New Hires: Welcome Jacob and Kiki

by James Hall  |   |  Company Culture  |  0 comments

8 min to read ✭ In this post, you'll learn about our new hires, Jacob and Kiki, and why they love working at Community Boost.

Tell us a little about yourself and where you’re from.

Jacob: Hi, I’m Jacob. I am a Sales Development Representative here at Community Boost. I’m originally from North Orange County. Came to school down here in San Diego, and I have no intention of leaving San Diego anytime soon.

Kiki: Hi, I’m Kiki Asuncion. I’m from Los Angeles. I’m an Associate Digital Specialist. I went to Boston University and I am now in San Diego.


What made you choose Community Boost?

Jacob: At the time I was really interested in pursuing a career in sales, but I always knew that I could only do sales if I really believed in what I was selling. I came across Community Boost and I just thought that it was a great middle-ground of what I was looking for. Working with nonprofit organizations across the board who are existing to really serve a higher purpose is something that I really thought, “Oh, this is something that I could get behind.” So the opportunity arose, and I’ve been happy ever since.

Kiki: I came to Community Boost because I wanted to make a positive impact with how I was making a living and we have an opportunity here to really affect a wide variety of nonprofits and have a positive impact on the communities that are being served by the nonprofit partners that we work with.


What have you learned so far at Community Boost?

Jacob: I’ve learned, especially in my role of talking to nonprofits on a daily basis, that there really is a nonprofit for anything you could ever possibly imagine. That’s really what I’ve learned is not just how many nonprofits there are, but how many needs are being met in our country by these nonprofit organizations—some that are super large, some that are super small, some that work on a national level, some that work in a more local level. I think my eyes have just really been opened to the extent that nonprofits help our community.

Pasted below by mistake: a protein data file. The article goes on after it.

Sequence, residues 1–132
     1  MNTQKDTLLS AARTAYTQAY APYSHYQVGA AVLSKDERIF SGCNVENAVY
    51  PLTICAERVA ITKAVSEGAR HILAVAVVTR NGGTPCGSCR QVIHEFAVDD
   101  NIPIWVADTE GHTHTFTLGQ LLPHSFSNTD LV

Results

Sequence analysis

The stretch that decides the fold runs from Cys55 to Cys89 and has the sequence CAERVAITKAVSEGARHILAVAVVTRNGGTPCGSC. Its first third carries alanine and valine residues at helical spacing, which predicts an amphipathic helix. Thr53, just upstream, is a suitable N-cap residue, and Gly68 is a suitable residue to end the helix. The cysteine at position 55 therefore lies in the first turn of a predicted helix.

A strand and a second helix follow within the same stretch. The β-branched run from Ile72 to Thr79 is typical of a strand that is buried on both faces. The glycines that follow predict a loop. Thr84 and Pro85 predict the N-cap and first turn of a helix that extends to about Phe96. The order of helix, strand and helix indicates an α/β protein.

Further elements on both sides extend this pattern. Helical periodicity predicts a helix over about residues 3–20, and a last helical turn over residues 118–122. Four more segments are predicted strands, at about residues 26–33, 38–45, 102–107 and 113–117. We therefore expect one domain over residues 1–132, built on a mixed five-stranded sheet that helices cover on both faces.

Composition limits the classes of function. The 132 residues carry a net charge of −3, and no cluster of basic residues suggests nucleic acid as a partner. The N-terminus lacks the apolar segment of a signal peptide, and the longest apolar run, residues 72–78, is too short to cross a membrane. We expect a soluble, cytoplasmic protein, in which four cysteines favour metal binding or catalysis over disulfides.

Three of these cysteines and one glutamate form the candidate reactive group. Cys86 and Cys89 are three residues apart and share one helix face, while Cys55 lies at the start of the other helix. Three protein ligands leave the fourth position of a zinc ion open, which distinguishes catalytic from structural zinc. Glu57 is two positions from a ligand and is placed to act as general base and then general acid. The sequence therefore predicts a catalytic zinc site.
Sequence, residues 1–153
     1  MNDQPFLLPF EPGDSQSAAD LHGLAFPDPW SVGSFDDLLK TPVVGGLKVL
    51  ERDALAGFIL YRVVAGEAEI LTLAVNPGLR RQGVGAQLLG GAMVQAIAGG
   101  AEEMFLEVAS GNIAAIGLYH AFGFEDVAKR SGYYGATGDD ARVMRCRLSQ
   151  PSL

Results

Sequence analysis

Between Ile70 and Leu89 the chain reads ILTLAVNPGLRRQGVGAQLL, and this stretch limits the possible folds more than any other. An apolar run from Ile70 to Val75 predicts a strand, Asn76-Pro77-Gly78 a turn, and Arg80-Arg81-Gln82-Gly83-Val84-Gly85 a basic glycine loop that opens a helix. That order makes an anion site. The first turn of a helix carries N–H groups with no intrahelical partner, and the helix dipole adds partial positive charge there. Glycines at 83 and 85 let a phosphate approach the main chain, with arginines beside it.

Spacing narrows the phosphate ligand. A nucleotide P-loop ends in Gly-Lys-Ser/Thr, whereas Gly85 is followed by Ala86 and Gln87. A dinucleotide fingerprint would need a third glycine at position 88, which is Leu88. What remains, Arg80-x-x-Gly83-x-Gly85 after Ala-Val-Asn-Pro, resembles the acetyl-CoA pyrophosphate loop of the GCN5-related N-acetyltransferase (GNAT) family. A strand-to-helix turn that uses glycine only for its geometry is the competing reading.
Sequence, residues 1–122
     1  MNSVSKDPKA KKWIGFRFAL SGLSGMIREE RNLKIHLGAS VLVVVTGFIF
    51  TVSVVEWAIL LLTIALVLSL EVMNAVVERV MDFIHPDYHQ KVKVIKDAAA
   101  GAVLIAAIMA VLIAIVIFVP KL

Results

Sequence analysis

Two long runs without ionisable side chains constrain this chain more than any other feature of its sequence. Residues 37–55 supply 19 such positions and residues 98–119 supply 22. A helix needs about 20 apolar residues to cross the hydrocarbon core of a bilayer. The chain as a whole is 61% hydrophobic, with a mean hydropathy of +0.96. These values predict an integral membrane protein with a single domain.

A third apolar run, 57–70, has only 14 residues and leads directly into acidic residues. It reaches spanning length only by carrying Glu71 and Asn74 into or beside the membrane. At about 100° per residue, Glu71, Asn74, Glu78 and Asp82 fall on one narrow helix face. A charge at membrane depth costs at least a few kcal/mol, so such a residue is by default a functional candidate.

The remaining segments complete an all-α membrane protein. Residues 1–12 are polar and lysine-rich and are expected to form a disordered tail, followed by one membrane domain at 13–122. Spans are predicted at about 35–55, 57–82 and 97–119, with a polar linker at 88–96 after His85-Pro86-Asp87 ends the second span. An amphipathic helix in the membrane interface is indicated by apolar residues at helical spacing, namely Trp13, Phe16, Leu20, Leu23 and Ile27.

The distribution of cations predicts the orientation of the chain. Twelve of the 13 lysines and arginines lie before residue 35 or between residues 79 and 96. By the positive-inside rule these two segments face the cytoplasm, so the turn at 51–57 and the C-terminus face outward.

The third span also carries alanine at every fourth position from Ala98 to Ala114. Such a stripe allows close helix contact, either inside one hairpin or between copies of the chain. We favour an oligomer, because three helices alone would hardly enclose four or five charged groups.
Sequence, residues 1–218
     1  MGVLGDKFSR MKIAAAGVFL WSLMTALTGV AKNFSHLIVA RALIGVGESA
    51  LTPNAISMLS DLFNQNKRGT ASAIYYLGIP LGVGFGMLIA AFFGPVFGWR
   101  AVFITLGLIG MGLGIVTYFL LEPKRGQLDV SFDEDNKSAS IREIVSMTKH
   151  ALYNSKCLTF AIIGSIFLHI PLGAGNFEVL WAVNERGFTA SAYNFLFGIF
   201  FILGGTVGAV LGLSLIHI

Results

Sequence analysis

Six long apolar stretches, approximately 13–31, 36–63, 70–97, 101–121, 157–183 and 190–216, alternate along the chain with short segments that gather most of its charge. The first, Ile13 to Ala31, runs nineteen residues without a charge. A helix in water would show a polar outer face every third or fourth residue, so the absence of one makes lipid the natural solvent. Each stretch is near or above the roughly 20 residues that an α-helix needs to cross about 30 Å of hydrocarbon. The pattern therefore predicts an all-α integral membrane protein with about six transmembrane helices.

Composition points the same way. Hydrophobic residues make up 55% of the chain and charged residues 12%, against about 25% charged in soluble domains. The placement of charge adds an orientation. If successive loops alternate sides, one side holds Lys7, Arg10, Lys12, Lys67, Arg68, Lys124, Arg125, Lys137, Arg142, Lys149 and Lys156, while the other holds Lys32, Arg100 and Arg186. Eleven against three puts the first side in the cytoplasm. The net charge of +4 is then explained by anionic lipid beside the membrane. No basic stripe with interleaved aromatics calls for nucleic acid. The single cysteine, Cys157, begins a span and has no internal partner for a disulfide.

Kiki: I’ve learned that there’s just a true depth to the digital tools that nonprofits have access to now. You can get started really easily, but becoming an expert in these tools like Facebook and Google Ad Grants takes time and a lot of curiosity. So I’m really looking forward to meeting that expert level.


What is one thing you’re passionate about?

Jacob: In college, I had experienced working with the homeless population and I think any organization that is meeting the need of the homeless community, whether that’s through food distribution or shelter relief, just in my experience is really understanding that each individual has a story behind who they are and where they’re at and they have so much to offer. Really any sort of organization that exists to provide relief for the homeless community is one that I am really aligned with and love. 

Kiki: More of a broad answer, but mental health awareness is really important to me. Making sure that people have the resources and understand that there’s a community that wants to support and help change their circumstances, no matter what those may be since it is such a broad range of topics. So, just in general mental health awareness.


What is your favorite Core Value of Community Boost?

Jacob: Do we have the same one?

Kiki: Yeah we do.

Jacob: Ok, cool. Do you want me to change?

Kiki: No. Okay. Let’s see. Same time?

Jacob: This doesn’t need an extra take, we’re going to nail it the first time. One, two, three…

Together: We are transparent.